There’s enough material here to generate a bunch of speculations. The coming weeks will give Washingtonians ample time to explore them.

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Washington Washington column

harris ROBERT


Under Independent Party of Oregon rules, the nominating caucus may fill vacancies for any elective position.

Following the July online primary vote which nominated numerous candidates to office, The IPO has declared several House and Senate positions vacant. These seats are ones where no candidate applied, or was qualified by the caucus. Applicants have until August 15th, 2014 to apply.

IPO leaders indicate that they are particularly interested in candidates in districts where currently only one major party candidate will be appearing on the November general election ballot.

They say that in heavily gerrymandered districts where the winner of the dominant party primary is the presumptive winner in November, an independent candidate would offer independents, voters from the non dominant party, and even moderate voters of the dominant party, more choices.

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Harris Oregon


Here’s what public affairs news made the front page of newspapers in the Northwest today, excluding local crime, features and sports stories. (Newspaper names contracted with location)

SUPI candidate Ybarra no show at school event (Boise Statesman)
New plans for Boise downtown bike lanes (Boise Statesman)
Improvements in housing markets in IF (IF Post Register)
E Washington elections results (Lewiston Tribune, Moscow News)
Genesee grass fire threatens home (Moscow News)
Caldwell’s old Kings building to be razed (Nampa Press Tribune)
Rule Steel hit with OSHA ruling (Nampa Press Tribune)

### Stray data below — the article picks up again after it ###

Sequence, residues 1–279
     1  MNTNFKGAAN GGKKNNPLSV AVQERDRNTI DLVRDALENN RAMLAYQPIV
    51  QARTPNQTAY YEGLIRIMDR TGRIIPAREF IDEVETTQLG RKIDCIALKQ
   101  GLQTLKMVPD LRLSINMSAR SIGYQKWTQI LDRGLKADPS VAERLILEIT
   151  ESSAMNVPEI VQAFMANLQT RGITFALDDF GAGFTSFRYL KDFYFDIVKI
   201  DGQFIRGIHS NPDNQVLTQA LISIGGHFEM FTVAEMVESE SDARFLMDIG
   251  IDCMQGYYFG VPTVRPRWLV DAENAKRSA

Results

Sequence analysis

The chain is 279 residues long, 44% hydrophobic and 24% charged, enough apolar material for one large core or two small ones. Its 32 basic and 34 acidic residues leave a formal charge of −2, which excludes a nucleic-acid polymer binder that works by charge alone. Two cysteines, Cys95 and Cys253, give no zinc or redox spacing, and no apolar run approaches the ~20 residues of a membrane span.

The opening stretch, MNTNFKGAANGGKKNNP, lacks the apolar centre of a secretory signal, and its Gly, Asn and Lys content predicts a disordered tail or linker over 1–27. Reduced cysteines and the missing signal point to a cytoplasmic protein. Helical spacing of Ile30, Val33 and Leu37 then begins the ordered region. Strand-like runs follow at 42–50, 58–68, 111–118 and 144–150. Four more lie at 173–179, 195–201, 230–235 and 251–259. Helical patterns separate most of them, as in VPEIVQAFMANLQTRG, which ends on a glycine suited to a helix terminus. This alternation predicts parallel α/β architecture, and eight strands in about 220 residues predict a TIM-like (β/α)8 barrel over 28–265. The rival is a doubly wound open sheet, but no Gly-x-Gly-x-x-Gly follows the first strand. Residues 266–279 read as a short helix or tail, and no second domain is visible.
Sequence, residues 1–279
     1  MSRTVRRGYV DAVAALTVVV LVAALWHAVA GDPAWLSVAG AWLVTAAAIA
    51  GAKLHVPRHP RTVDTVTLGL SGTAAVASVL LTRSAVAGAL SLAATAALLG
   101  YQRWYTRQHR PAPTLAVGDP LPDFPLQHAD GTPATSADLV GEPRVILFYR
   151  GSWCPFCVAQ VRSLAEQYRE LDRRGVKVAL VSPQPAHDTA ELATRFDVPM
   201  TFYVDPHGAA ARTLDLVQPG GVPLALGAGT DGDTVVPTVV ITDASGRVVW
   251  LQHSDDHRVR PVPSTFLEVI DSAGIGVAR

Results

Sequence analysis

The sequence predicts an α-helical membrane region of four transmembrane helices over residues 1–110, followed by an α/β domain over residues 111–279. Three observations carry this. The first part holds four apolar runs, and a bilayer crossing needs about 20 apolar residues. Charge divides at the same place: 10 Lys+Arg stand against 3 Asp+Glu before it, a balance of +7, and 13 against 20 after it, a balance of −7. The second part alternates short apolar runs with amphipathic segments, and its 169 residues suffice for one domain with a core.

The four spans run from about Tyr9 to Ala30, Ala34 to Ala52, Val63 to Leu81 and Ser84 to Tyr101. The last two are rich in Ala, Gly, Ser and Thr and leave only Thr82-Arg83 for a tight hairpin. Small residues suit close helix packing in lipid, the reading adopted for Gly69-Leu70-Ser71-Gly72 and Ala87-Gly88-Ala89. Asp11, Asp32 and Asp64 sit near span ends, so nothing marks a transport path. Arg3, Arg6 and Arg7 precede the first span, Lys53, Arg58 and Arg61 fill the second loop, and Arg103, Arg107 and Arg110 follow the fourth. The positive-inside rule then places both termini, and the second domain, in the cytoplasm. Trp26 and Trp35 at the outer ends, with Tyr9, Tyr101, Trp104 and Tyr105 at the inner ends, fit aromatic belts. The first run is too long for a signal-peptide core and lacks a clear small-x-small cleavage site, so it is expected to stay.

Flooding hits parts of southern Idaho (Pocatello Journal)
Idaho issued reply in same sex marriage case (TF Times News)
Wildfire funding changes blocked (TF Times News)

Interim management director at Eugene schools (Eugene Register Guard)
Festival of Eugene gets site, needs more (Eugene Register Guard)
Water allocations at Klamath constrict (KF Herald & News)
Rain helping with wildfire battle (KF Herald & News)
Partial containment at Oregon gulch fire (Medford Tribune, Ashland Tidings)
Virus killing southern Oregon deer (Medford Tribune, Ashland Tidings)
Old hospital building demolished (Pendleton E Oregonian)
Forest plan blasted by local officials (Pendleton E Oregonian)
Housing scarce in Pendleton, Hermiston (Pendleton E Oregonian)
Tightened rules on pot, daycare providers (Salem Statesman Journal)

Election results (Seattle Times, Spokane Spokesman, Tacoma News Tribune, Everett Herald, Vancouver Columbian, Yakima Herald Republic, Kennewick Herald, Olympian, Bremerton Sun, Longview News)
Planning for new Paine Field projects (Everett Herald)
Franklin Co jail hit with abuse lawsuit (Kennewick Herald)
Federal official won’t inspect grain at Vancouver (Vancouver Columbian)
Snag Canyon fire develops (Yakima Herald Republic)